On the asy­lum seek­ers file, is Trudeau up to the task?

The Globe and Mail Metro (Ontario Edition) - - OPINION - KON­RAD YAKABUSKI

Toronto Lib­eral MP John McKay of­fered a damn­ing as­sess­ment this week of his govern­ment’s han­dling of the in­flux of asy­lum seek­ers at un­of­fi­cial bor­der cross­ings, as Prime Min­ster Justin Trudeau’s cau­cus met to pre­pare for the fall par­lia­men­tary ses­sion that be­gins Mon­day.

“Peo­ple have come to the con­clu­sion that these peo­ple are not refugees and they should be re­turned, sooner rather than later,” Mr. McKay told the Cana­dian Press. “The only fair thing for ev­ery­body is to process them quickly and I think that’s where the govern­ment’s weak­ness is.”

More than half of the res­i­dents of Mr. McKay’ s Scar­bor­ough-Guild wood rid­ing were born out­side of Canada. They are, for the most part, im­mi­grants who came to this coun­try through reg­u­lar chan­nels. And they don’t like thou­sands of asy­lum claimants “com­ing through the back door,” Mr. McKay said.

When even those who have ben­e­fited from Canada’s ope­n­arms ap­proach to new­com­ers be­gin to lose faith in the in­tegrity of our im­mi­gra­tion and refugee sys­tem, we’ve got a prob­lem. While that’s be­come ev­i­dent to or­di­nary MPs, Mr. Trudeau and front-line cabi­net min­is­ters have yet to demon­strate they un­der­stand the con­cerns of av­er­age Cana­di­ans about in­com­ers thought to be gam­ing the sys­tem.

Barely 15 per cent of the al­most 28,000 peo­ple who made asy­lum claims at un­of­fi­cial bor­der cross­ings in Que­bec be­tween early 2017 and mid-2018 have had a first hear­ing be­fore the Im­mi­gra­tion RefugeeBoard (IRB), ac­cord­ingto the most re­cent IRB data. And only 45 per cent of the 4,200 claimants who have had a hear­ing have been deemed le­git­i­mate ref- ugees by the tri­bunal.

The IRB faces an over all back­log of some 57,000 claimants await­ing a first hear­ing, while an­other 5,300 cases are tied up in the ap­peals process. Re­jected claimants are sup­posed to leave the coun­try, but only a hand­ful have been de­ported. Hun­dreds, per­haps thou­sands, never will be.

The Lib­er­als are pro­vid­ing an ex­tra $72-mil­lion over two years to en­able the IRB to hire more peo­ple to process and hear the cases of the asy­lum seek­ers who’ve en­tered Canada at un­of­fi­cial bor­der cross­ings since 2017. Bor­der Se­cu­rity Min­is­ter Bill Blair in­sists the ex­tra fund­ing will be enough to re­duce the now 20month wait for a first hear­ing. The IRB dis­agrees.

The Lib­er­als have lashed out at any­one who de­clares this a cri­sis. But by their own lax­ness, they have turned what should have been a man­age­able sit­u­a­tion into an un­man­age­able one that is start­ing to make Cana­di­ans un­easy. Imag­ine where we’d be now if pro­jec­tions for an even big­ger sum­mer surge in asy­lum seek­ers this year had ac­tu­ally proved ac­cu­rate?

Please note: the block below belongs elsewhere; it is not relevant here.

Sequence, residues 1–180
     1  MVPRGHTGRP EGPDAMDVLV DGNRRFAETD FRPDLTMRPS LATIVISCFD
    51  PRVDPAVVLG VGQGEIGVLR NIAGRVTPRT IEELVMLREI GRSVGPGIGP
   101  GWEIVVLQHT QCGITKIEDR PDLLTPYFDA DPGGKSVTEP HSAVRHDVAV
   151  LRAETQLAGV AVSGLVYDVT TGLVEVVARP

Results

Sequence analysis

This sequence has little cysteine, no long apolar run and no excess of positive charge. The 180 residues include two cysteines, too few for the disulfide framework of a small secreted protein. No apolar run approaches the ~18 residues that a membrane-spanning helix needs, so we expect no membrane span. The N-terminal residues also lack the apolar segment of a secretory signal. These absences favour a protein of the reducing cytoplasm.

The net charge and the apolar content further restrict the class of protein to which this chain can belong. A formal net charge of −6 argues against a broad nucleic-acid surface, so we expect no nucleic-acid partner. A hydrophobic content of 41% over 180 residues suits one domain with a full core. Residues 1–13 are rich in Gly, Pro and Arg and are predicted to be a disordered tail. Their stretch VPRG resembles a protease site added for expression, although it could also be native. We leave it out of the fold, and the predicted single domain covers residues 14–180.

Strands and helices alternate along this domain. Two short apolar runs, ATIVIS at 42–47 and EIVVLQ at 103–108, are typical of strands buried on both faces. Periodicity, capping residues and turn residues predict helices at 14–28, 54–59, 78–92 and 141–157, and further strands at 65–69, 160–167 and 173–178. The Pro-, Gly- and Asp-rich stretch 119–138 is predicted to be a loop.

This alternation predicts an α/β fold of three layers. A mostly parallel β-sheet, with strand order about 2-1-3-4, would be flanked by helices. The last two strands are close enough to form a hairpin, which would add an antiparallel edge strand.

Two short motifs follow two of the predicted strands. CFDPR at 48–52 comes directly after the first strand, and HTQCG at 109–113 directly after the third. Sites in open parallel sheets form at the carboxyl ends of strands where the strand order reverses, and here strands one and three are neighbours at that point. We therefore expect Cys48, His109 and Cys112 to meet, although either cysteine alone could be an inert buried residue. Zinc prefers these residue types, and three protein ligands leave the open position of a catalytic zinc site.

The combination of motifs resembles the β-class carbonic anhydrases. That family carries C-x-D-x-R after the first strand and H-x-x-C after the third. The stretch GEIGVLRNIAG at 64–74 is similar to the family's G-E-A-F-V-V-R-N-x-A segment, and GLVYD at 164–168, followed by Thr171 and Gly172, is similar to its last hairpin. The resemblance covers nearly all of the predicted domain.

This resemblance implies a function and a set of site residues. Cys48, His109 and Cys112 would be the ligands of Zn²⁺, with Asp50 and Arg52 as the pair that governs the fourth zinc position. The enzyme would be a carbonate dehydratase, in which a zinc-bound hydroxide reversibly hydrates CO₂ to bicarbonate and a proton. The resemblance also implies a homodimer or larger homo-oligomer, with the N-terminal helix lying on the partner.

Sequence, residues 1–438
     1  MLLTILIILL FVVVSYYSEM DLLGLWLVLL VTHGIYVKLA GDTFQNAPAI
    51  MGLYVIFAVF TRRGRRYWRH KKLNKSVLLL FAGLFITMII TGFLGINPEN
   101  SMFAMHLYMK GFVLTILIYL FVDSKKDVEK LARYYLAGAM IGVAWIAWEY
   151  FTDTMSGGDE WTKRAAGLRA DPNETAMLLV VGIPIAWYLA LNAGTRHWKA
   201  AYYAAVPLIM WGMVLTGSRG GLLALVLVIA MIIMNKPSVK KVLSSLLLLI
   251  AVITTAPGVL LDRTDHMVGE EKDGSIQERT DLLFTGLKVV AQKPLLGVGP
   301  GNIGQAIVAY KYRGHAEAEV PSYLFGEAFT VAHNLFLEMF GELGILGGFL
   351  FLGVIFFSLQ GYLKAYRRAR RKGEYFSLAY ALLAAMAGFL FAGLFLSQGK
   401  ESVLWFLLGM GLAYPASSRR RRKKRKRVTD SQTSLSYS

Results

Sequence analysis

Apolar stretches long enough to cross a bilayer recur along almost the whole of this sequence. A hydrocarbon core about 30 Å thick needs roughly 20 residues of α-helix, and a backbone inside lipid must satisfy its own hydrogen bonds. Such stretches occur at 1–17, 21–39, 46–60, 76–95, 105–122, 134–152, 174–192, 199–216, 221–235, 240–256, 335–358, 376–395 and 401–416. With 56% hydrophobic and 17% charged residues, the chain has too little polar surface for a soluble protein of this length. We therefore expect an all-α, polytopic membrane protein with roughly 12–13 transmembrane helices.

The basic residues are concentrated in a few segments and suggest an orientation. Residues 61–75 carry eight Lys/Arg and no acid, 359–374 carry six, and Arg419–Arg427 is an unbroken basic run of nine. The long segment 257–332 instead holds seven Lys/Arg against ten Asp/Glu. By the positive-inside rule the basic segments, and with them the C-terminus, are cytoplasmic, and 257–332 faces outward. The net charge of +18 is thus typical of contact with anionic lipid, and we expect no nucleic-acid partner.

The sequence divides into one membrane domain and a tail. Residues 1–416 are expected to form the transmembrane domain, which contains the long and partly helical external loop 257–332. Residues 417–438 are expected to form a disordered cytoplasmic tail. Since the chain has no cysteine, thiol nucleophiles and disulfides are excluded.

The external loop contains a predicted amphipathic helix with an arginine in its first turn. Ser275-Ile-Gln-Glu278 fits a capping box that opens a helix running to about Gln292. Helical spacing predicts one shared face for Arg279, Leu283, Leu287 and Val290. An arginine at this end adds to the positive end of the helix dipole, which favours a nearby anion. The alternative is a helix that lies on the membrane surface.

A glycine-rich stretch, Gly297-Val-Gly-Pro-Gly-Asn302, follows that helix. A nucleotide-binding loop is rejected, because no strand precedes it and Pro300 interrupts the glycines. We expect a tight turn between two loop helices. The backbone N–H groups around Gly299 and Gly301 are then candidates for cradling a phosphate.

As it is, the On­tario and Que­bec gov­ern­ments are dol­ing out hun­dreds of mil­lions of dol­lars a year in so­cial as­sis­tance pay­ments to refugee claimants await­ing a hear­ing, and mil­lions more school­ing their chil­dren, while Ot­tawa steps up to cover health­care and le­gal aid costs. The longer the back­log and wait time for a hear­ing, the higher the bill for tax­pay­ers. Speedy pro­cess­ing of refugee claims could cut these costs ex­po­nen­tially.

Alas, at­tempts to cre­ate a fast, fair and fi­nal refugee pro­cess­ing sys­tem have proved elu­sive. The fed­eral govern­ment has over- hauled the refugee sys­tem twice since 2002 to deal with a grow­ing back­log. In 2012, then-Con­ser­va­tive im­mi­gra­tion min­is­ter Ja­son Ken­ney moved to deal with an in­crease in what he called “un­founded refugees” from 23 so­called “safe” coun­tries by fast­track­ing their claims and deny­ing them the right to ap­peal if their claims were re­jected. In 2015, the Fed­eral Court deemed re­mov­ing the right to ap­peal was un­con­sti­tu­tional.

A new set of prob­lems emerged with the elec­tion of U.S. Pres­i­dent Don­ald Trump, as Haitian and Nige­rian asy­lum seek­ers en­ter­ing Canada at an un­of­fi­cial point of cross­ing in Que­bec ex­posed a flaw in the 2002 Canada-U.S. Safe Third Coun­try Agree­ment. It would ap­pear to be un­re­al­is­tic to ex­pect a rene­go­ti­a­tion of that agree­ment as long as Mr. Trump re­mains in the White House. And once he leaves, the prob­lem may sim­ply fade away any­way.

Un­til then, how­ever, Mr. Trudeau needs to show Cana­di­ans he takes their con­cerns se­ri­ously. He must strike a bal­ance be­tween Canada’s obli­ga­tion to pro­vide due process to those seek­ing asy­lum from per­se­cu­tion in their home coun­try, and his duty to Cana­di­ans to uphold the in­tegrity of our im­mi­gra­tion sys­tem.

This starts with dis­pens­ing with the glib or sanc­ti­mo­nious tweets about our open bor­der. But more sub­stan­tively, it will re­quire reforming our refugee sys­tem to im­prove its ef­fi­ciency. The govern­ment has a re­port in hand from for­mer deputy im­mi­gra­tion min­is­ter Neil Yeates on how to do this. But Mr. Trudeau is wary of look­ing too right-wing if he tight­ens up the sys­tem.

Mr. McKay’s con­stituents could give him an ear­ful.


A fam­ily is con­fronted by RCMP of­fi­cers as they cross the U.S.-Canada bor­der. The Lib­er­als are pro­vid­ing $72-mil­lion to en­able more hires with the Im­mi­gra­tion Refugee Board to process and hear the cases of asy­lum seek­ers who’ve en­tered Canada at un­of­fi­cial bor­der cross­ings.


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